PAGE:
Two, the authors themselves are missing out. Yes, perhaps a giant team of people paying $5 a pop to read something produces more money in the long run than people auctioning for the right to tell an author what to pen. It certainly does seem that there are far more authors whose fics will be fetching thousands of dollars than there ever have been before, and that’s wonderful. I’m excited for the financial potential of this round of FGB. But to me, the gift of an auction is having someone think through what they wish you would write, and learning about yourself and your work through that process.

AnjieNet, I thank you for Da Capo. It wouldn’t have gone down if it weren’t for your request, and it’s one of the best, if not the best, pieces I’ve ever written. I learned so much from it and grew even more deeply in love with the characters I write. You donated money to help a woman with cancer, but I was the one who got the gift, and it’s one I will treasure forever.

Da Capo Teaser: “D.C. al Fine”

March 17th, 2010 § 1 comment § permalink

Edward looked askance at the tiny pile of shriveling greenery that lay at the side of his knee. He could almost see them wilting, it happened so quickly once their roots were severed from the ground. They were like the bodies of the men he’d killed, one after another, lying in the dirt, slowly withering away to nothing. He ran his hand over the pile absently.

“There were so many,” he whispered.

Oh, Edward. She moved at full speed now, and her arms came around him protectively. He stilled himself, letting her hold him. Her arms were more slender than Carlisle’s, her wrists more delicate where they crossed over his shoulder. In the moonlight, her bare arms shone faintly. She laid her head on his shoulder a moment, and her hair tickled his ear. They sat for several minutes. Edward could hear the thrum of the summer locusts around them, and the gentle whooshing of the stream in the distance.

Esme’s chest expanded and contracted against his own ribcage as she heaved a sigh, and Edward felt a strange emotion from her.


His lip curled in disgust. “How can you be proud of me?”

Da Capo Teaser: 3rd movement

March 10th, 2010 § 2 comments § permalink

His thoughts of Carlisle vanished at once, however, when his feet made purchase on the soft soil of Eleanor’s expansive lawn. She and her husband were moderately wealthy, although it surprised Edward that they had no household help. A second woman in the house might be of comfort and help to Eleanor while Thomas was away. But instead there was no one, save the man whose scent seemed to surround Edward as he slunk his way around the house.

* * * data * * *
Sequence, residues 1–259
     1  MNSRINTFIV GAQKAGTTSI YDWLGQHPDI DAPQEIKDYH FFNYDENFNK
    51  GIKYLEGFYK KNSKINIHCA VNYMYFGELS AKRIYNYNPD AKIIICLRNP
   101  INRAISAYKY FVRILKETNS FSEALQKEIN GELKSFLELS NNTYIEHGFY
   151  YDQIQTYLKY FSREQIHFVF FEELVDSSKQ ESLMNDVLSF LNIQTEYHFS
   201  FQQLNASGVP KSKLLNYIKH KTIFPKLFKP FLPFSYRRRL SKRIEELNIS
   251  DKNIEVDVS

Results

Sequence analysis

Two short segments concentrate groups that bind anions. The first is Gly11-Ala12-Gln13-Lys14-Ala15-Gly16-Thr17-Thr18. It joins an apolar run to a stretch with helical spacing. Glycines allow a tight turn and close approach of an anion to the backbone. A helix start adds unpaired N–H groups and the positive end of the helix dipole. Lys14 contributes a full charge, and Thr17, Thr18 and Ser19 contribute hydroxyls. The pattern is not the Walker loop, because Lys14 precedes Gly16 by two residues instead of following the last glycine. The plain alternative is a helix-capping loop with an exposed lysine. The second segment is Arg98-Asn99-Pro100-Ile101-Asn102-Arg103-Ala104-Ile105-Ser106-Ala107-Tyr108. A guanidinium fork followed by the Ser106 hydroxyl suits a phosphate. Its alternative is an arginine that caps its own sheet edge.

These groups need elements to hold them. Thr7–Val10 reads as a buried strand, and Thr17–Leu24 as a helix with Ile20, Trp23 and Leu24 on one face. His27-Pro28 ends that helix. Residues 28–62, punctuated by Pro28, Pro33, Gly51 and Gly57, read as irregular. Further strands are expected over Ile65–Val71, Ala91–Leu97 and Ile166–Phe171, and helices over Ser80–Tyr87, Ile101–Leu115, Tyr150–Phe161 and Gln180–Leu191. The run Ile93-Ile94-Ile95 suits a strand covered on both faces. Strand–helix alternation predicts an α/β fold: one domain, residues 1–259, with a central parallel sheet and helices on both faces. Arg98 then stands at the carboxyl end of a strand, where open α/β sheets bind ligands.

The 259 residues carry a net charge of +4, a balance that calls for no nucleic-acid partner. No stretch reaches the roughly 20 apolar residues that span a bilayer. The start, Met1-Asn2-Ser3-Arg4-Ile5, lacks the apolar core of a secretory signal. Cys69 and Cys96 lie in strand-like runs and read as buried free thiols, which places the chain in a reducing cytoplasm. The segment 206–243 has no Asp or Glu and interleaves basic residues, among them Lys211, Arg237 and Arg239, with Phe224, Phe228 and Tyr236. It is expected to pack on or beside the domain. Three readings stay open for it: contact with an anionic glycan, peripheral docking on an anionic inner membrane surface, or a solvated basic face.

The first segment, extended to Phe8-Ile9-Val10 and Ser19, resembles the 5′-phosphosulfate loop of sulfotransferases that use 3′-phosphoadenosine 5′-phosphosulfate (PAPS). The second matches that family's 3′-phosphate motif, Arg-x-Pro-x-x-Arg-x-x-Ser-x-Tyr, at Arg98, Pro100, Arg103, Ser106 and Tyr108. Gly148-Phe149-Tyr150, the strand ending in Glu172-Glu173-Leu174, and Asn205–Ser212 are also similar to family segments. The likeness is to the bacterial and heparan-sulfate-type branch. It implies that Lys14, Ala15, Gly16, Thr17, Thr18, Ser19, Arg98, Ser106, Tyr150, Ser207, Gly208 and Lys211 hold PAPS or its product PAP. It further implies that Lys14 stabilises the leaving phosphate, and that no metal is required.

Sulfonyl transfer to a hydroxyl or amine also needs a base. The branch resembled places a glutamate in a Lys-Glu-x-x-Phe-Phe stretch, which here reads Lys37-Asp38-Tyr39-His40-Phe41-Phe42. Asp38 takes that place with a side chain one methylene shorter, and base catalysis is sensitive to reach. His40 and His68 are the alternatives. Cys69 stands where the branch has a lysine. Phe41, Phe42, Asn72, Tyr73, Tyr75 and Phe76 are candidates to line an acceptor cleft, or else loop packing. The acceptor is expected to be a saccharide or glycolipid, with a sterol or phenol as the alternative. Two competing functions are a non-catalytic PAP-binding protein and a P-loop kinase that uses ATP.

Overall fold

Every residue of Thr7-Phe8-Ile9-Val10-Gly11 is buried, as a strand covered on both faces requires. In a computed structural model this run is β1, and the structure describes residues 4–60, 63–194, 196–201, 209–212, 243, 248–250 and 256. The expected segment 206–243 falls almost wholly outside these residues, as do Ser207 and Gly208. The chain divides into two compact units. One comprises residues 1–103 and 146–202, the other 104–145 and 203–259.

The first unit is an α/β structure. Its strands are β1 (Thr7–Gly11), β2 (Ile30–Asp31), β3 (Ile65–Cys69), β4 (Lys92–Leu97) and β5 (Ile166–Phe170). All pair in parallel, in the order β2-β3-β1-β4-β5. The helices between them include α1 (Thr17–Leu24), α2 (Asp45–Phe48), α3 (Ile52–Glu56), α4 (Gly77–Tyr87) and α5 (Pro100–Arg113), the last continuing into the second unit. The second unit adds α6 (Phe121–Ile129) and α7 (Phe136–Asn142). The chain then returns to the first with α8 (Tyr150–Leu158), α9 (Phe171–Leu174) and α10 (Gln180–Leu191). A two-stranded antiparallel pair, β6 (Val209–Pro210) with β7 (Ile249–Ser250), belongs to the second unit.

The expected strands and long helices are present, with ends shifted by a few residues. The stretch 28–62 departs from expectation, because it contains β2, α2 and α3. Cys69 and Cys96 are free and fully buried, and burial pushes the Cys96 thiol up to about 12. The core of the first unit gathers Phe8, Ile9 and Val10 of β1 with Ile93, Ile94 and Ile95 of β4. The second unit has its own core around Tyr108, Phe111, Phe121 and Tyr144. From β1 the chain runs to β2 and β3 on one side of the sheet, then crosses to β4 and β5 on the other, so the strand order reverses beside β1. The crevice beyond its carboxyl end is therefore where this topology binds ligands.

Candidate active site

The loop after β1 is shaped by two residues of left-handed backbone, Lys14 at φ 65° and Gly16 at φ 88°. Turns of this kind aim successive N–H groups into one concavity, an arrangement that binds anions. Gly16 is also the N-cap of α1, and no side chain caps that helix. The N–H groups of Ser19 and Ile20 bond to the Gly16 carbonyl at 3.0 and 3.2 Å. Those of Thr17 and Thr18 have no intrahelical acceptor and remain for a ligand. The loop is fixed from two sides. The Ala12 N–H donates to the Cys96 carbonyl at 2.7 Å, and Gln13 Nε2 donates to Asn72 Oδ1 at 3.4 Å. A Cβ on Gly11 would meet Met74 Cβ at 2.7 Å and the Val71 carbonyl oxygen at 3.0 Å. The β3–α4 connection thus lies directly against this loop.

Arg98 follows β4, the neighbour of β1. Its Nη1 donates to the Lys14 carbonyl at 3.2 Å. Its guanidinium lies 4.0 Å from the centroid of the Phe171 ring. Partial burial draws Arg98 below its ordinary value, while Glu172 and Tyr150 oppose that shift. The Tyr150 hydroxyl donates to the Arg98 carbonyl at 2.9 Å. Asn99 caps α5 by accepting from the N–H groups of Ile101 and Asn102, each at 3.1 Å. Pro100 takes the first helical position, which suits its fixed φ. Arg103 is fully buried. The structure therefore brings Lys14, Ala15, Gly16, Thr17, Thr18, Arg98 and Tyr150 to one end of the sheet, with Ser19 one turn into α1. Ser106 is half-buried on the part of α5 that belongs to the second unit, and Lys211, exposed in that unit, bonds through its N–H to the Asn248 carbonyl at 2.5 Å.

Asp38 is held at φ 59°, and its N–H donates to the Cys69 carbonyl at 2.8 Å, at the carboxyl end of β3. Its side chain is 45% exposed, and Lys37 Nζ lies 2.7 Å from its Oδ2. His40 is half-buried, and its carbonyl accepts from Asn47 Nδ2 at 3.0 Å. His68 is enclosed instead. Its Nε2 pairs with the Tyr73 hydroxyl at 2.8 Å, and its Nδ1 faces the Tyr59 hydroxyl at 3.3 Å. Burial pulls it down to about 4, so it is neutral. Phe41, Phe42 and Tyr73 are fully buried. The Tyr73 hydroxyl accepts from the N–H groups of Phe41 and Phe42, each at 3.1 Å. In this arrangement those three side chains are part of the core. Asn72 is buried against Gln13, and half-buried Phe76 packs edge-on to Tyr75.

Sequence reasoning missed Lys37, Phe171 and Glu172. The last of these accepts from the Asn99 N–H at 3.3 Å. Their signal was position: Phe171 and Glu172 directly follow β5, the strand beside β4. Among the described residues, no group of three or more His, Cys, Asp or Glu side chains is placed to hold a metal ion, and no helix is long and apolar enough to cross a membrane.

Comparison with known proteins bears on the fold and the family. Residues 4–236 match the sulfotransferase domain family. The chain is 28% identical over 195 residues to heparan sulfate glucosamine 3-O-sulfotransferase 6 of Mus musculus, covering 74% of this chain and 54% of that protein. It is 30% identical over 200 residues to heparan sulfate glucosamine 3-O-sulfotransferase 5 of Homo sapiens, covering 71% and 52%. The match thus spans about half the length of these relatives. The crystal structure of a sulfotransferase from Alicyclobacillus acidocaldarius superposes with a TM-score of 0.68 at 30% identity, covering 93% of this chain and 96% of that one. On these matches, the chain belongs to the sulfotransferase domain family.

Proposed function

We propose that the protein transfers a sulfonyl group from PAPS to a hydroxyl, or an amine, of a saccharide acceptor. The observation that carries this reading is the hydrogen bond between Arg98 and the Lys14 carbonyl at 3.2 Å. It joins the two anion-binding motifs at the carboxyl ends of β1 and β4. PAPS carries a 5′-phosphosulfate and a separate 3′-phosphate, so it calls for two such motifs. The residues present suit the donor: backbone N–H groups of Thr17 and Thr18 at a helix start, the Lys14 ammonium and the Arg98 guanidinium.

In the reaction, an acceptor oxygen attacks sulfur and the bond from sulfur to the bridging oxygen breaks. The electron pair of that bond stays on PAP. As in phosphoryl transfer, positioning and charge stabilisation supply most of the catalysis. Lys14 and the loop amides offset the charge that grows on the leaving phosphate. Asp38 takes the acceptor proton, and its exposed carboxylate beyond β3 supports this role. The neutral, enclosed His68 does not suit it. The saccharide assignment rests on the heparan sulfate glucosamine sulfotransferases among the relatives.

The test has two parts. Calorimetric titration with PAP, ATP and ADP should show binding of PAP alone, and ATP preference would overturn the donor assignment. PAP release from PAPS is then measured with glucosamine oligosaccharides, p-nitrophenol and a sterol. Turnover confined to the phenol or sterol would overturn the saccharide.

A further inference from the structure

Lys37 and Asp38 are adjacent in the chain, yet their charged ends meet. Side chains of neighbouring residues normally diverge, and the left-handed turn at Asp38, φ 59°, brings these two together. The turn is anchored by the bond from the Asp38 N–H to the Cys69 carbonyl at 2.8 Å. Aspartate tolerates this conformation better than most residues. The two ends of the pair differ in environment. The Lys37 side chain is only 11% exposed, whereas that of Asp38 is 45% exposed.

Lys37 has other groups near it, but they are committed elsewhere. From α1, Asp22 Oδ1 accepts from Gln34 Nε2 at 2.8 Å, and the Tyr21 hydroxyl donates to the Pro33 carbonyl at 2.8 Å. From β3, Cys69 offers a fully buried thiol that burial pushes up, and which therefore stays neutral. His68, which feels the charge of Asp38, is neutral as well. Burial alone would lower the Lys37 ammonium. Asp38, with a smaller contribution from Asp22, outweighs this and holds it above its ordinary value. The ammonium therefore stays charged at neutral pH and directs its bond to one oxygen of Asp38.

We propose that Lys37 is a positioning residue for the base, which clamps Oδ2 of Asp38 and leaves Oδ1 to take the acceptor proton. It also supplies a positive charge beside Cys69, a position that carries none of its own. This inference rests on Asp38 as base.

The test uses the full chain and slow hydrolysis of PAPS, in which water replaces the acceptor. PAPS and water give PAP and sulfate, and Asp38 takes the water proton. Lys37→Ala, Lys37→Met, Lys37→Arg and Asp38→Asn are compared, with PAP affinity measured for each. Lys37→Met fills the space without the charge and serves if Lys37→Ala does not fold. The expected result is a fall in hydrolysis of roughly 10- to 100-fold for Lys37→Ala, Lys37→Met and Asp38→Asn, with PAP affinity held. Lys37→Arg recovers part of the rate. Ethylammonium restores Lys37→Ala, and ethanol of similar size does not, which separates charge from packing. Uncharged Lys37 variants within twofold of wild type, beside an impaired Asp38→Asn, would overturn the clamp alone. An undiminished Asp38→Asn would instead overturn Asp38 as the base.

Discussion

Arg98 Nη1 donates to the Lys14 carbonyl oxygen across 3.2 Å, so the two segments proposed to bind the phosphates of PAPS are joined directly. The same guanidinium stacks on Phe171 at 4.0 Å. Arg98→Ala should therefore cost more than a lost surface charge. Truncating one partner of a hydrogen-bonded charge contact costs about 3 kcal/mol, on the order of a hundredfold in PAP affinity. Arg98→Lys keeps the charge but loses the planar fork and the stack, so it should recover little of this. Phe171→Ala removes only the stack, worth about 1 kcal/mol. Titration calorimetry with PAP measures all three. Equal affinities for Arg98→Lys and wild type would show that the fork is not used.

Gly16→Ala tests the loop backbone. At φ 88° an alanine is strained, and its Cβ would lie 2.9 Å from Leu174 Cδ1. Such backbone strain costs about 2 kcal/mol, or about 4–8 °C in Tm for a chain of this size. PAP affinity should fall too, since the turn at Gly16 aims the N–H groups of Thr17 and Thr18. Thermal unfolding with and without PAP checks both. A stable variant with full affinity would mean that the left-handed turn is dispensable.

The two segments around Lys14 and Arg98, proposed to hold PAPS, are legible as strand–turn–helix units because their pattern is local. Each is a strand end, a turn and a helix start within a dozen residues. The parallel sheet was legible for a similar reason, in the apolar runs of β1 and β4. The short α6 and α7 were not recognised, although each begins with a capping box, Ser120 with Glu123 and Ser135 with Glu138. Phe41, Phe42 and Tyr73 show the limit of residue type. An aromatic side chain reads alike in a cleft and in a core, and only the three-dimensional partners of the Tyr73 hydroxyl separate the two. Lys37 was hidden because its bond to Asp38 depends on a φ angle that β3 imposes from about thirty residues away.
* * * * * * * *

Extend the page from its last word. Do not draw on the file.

The indignant anger was instantaneous, a fire licking at his insides as he sprang into position at the windows. He cast his own mind wide, trying to pick up on anything. The man’s scent was everywhere—had he been haunting this woman all afternoon?

Edward moved swiftly, looking in first the kitchen, then the living room, then the back window. Nothing, nothing, and nothing—nothing, that was, except the greasy fingers, the strong scent of eau de cologne and bootlegged whiskey. He gagged, but kept going, following the trail the greasy pervert had left behind. It circled the entire first floor of the house—the voyeur had peered in every window, it seemed. But when he reached the front door, he stopped cold.

The noisome odor was stronger on the other side.

“Da Capo” Teaser: 2nd Movement

March 3rd, 2010 § 3 comments § permalink

His reply was sharper than he intended, and Carlisle’s face clouded with hurt once again. Edward drew a deep breath and made eye contact. It was just after sundown, and Carlisle’s eyes shone in the waning daylight. They had been blue, Carlisle had once told him, and for a moment Edward busied himself trying to imagine them that way, instead of the saffron or obsidian that he was used to. He tried to imagine his father’s gaze looking on him with eyes looking like heaven itself—because that made sense for Carlisle—and he instantly felt ashamed.

“I’m sorry,” he muttered, looking downward again. “It’s not you. I just—I’m not ready.”

Carlisle stared at him again, his expression softening. You will heal, Edward. I know you will. Give it time. His hand floated unconsciously to his own left shoulder, and Edward winced.  Carlisle didn’t miss his expression.

This healed, too. He patted his shoulder. Quickly, in fact. But the heart takes longer. As does the soul.

The soul. Edward let out a frustrated growl. They weren’t supposed to have them. Vampires were damned creatures, or so the legends said. Not that very much was true about the legends, but Edward clung to this. And even if he hadn’t been damned when he’d set out running from the little house in Barre, wasn’t he undoubtedly damned now? How could one take nearly four hundred lives and still expect eternal forgiveness?

He had no soul.